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Investors ‘Have Little Choice’ But to Go to Stocks, DBS Says

Joanna Ossinger
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Investors ‘Have Little Choice’ But to Go to Stocks, DBS Says

(Bloomberg) -- Stocks still look particularly attractive in a world of ultra-low bond yields, according to Southeast Asia’s largest bank DBS Group Holdings Ltd.

Equities are a better risk-reward play than bonds, which are looking expensive after this year’s big rally, Chief Investment Officer Hou Wey Fook wrote in his fourth-quarter asset allocation report. He recommends dividend shares and gold as well as hybrid European AT1 securities.

Institutional funds “have little choice but to turn to equities,” Hou wrote. “As the trend of ever-lowering bond yields continues on the back of a renewed cycle of policy easing by global central banks, other higher-yielding asset classes have risen to be the next ‘bond proxies.’”

Stocks Wobble as Data Show Economy ‘Cracks’: Wall Street Reacts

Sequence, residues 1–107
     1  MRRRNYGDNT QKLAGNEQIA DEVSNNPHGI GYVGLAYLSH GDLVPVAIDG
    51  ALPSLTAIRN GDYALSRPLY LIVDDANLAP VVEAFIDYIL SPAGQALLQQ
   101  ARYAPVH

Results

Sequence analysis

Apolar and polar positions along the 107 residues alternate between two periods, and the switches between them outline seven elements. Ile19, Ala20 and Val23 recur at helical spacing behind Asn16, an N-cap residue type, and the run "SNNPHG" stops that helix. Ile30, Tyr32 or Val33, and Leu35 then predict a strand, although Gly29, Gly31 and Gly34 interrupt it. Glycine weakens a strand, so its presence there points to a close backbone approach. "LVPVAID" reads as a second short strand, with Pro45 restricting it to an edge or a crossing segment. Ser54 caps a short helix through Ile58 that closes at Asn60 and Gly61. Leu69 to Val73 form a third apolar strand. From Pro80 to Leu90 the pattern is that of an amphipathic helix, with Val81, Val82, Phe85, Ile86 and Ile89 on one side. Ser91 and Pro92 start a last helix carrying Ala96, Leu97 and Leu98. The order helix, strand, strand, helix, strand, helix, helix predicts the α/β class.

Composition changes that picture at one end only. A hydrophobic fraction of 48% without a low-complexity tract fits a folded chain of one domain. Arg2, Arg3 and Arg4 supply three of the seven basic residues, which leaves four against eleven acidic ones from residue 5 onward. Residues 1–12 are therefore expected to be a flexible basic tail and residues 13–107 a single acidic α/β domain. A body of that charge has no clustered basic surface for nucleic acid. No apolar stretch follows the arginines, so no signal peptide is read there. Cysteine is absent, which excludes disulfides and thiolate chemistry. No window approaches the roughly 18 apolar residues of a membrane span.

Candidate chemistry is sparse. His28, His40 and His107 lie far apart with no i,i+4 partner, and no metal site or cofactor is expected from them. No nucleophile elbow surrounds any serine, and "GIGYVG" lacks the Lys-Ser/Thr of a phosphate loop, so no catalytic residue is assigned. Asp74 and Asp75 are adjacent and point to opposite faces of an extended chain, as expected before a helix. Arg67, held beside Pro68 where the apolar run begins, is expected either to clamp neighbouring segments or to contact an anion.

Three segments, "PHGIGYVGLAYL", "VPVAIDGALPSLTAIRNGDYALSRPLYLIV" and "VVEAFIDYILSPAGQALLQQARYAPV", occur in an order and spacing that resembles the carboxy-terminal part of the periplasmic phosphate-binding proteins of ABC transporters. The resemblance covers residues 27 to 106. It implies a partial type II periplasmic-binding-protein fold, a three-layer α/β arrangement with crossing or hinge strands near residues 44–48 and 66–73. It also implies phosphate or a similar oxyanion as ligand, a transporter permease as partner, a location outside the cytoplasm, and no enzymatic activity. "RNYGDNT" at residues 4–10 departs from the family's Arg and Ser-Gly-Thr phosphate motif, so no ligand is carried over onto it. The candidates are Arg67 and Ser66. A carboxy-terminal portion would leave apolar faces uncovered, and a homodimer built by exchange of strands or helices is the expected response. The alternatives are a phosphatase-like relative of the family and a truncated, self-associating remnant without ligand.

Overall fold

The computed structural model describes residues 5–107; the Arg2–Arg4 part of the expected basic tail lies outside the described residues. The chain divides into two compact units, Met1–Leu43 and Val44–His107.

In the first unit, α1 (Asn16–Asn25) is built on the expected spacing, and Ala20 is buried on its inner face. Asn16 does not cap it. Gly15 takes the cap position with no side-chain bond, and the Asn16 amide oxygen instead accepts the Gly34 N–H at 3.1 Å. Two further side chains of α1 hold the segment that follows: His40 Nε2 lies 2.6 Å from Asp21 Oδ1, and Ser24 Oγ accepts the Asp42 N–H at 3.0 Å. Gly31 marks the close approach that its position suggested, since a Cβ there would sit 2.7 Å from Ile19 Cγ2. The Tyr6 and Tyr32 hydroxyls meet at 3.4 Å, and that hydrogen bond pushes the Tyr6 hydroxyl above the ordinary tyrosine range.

Investors have been navigating a tricky path this year as the Federal Reserve pivoted from rate-hike plans to rate cuts, other global central banks became more dovish, geopolitics reared its head in the likes of the U.K., Italy and Iran, and as the U.S.-China trade war ramped up. Global stocks have lost $1 trillion in value this week amid a stream of weak U.S. and European economic data, with the MSCI ACWI down about 2% in the period.

Hou has been recommending a “barbell strategy” for some time now to deal with the uncertainty -- some bets for assets that do well in a downturn, some that outperform in an upswing.

Dividend stocks are favored as bond proxies because “the constant dividend stream acts as a volatility dampener,” Hou wrote. He likes Singapore real-estate investment trusts, large China banks and European oil majors, he said.

Other takeaways from the asset-allocation report include:

Bear steepening of U.S. Treasury yield curve is “on the cards.”As the U.S.-China trade war drags on, European earnings may continue to deteriorate because of the region’s big export exposure to emerging markets.The recent pullback in Chinese stocks creates an attractive entry point.

And he sees a favorable environment for gold.

“Against the backdrop of an unpredictable tug-of-war between easy monetary policies and geopolitics, gold will be favored as an effective portfolio diversifier and to enhance risk-adjusted returns,” he said.

(Adds MSCI ACWI move in fourth paragraph.)

To contact the reporter on this story: Joanna Ossinger in Singapore at jossinger@bloomberg.net

To contact the editors responsible for this story: Christopher Anstey at canstey@bloomberg.net, Divya Balji, Rita Nazareth

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